PRINCE EDWARD ISLAND
Official Symbols & Emblems

Flower - Pink Lady's Slipper

Adopted on April 25, 1947, the Pink Lady's Slipper, Cypripedium acaule, which is an orchid, derives its name from the delicate shape of its petals which forms a pouch very much resembling a pink slipper. The flower grows in shaded and moist areas of Prince Edward Island and bloom from late May to later in June.


Bird - Blue Jay

Adopted in 1977 following a province-wide vote the previous year, the Blue Jay, Cyanocitta cristata, is easily recognized by its blue 'hood', back, wings and tail. Black accents and the white throat and chest offer stark, but pleasing, contrast to this beautiful bird. A common, year-round dweller, the Blue Jay prepares for Winter by gathering and storing grains, seeds and suet. Its distinctive cry echos through the woodlands where it makes its home and alerts the inhabitants of Prince Edward Island to its presence when visiting back-yard bird feeders.


Tree - Red Oak

Adopted in 1905, the Red Oak, Quercus rubra, was common throughout Prince Edward Island during the early days of settlement. However, its strong, heavy and fine-grained wood was highly desired for making household furniture and for making barrels. As a result, the tree is virtually limited to certain areas on the island today. The Royalty Oaks Natural Area in Charlottetown is the largest reserve of these majestic trees on Prince Edward Island today.

It is commonly accepted that the trees included in the Armorial Bearings and the Flag of Prince Edward Island is the Red Oak. However, the acorns visible in the depiction more resemble the White Oak rather than the Red.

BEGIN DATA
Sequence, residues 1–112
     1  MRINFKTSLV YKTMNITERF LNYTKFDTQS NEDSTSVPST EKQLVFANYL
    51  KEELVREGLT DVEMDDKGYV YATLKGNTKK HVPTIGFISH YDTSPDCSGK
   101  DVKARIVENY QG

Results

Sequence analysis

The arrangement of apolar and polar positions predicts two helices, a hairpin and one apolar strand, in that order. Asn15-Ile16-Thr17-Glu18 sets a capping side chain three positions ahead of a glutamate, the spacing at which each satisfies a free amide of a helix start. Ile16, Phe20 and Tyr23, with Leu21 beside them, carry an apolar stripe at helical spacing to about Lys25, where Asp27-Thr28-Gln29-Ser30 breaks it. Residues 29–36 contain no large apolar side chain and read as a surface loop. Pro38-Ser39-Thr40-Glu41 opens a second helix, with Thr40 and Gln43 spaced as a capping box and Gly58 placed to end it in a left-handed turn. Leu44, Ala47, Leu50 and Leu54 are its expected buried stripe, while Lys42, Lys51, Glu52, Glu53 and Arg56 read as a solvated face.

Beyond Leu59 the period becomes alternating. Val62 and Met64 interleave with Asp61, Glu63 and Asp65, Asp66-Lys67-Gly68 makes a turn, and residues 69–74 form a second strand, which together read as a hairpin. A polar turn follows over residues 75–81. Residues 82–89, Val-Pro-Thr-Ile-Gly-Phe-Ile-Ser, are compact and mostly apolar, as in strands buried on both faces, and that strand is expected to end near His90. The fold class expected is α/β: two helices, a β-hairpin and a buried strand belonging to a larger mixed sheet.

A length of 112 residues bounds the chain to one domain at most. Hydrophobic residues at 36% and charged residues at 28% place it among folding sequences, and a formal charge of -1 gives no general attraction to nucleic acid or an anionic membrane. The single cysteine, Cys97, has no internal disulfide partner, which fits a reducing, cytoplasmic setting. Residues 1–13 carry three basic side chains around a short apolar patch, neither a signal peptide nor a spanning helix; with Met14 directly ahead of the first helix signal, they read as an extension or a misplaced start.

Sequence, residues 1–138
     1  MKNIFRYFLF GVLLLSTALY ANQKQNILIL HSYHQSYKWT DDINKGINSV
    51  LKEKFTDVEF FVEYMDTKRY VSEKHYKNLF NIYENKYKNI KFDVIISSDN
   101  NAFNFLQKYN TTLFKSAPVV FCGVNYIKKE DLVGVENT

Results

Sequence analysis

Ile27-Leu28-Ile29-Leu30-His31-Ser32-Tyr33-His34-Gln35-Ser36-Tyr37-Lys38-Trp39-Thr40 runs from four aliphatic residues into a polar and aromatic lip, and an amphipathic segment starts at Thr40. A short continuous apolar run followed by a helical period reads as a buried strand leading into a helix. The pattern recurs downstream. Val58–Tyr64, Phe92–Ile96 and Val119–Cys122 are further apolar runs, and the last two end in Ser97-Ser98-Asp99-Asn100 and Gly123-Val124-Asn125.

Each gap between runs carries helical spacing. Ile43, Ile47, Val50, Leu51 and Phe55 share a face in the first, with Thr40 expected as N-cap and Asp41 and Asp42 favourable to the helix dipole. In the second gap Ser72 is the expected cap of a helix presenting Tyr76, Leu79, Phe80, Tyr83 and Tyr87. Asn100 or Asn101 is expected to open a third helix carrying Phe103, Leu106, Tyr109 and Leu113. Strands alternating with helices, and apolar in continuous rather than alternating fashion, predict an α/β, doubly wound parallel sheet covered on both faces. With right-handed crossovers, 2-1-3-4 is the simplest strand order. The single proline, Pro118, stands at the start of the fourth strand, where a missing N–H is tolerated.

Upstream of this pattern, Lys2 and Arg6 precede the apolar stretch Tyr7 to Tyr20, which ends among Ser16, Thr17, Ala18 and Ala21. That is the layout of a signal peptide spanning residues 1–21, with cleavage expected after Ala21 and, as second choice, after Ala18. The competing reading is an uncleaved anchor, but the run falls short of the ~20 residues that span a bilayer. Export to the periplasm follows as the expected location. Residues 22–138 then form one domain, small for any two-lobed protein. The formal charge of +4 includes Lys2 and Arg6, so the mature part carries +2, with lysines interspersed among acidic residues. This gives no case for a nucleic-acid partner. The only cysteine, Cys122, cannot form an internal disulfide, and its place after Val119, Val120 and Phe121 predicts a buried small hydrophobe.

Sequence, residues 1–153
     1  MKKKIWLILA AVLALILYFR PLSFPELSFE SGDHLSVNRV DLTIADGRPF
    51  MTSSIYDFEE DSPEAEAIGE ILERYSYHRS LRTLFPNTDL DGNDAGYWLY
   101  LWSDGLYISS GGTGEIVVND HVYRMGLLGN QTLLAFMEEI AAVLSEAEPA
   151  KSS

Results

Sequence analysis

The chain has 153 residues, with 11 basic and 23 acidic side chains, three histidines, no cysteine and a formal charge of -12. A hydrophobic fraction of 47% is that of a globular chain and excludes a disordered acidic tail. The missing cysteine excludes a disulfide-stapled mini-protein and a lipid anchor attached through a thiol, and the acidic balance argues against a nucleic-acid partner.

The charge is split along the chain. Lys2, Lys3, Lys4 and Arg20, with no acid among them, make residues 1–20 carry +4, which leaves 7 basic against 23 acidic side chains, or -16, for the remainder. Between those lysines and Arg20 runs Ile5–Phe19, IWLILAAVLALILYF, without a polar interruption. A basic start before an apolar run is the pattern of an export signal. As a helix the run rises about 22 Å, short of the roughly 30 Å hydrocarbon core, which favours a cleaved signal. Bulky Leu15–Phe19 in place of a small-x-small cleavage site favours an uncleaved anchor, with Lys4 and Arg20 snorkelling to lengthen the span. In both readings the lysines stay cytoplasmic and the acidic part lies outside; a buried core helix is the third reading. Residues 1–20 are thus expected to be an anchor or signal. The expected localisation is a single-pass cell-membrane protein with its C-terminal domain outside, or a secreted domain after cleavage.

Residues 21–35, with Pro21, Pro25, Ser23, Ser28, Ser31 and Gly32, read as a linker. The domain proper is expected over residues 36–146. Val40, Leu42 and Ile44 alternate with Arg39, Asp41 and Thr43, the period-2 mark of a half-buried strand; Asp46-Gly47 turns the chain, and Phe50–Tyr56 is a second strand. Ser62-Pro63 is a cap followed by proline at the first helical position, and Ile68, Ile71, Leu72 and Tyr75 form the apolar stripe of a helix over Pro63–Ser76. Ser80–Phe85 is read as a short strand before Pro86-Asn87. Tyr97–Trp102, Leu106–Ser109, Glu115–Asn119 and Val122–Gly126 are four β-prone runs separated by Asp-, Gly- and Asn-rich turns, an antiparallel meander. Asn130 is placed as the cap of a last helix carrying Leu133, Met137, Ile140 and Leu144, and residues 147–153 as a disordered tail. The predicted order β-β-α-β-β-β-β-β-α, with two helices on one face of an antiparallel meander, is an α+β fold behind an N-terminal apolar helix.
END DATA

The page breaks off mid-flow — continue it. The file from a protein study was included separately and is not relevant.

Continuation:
Soil

The distinctive red 'Charlottetown' soil covers over 190,000 hectares (470,000 acres) of Prince Edward Island. It is a fine, sandy loam soil which is perfect for a wide variety of crops, including the potatoes for which Prince Edward Island is so commonly known.


Island Hymn

Written by Lucy Maud Montgomery (of 'Anne of Green Gables' fame) early in 1908, the song received its premier performance on May 22, 1908, with music composed by Lawrence W. Watson especially for the poem.

Fair Island of the sea,
We raise our song to thee,
The bright and blest;
Loyally now we stand
As brothers, hand in hand,
And sing God save the land
We love the best.

Upon our princely Isle
May kindest fortune smile
In coming years;
Peace and prosperity
In all her borders be,
From every evil free,
And weakling fears.

Prince Edward Isle, to thee
Our hearts shall faithful be
Where'er we dwell;
Forever may we stand
As brothers, hand in hand,
And sing God save the land
We love so well.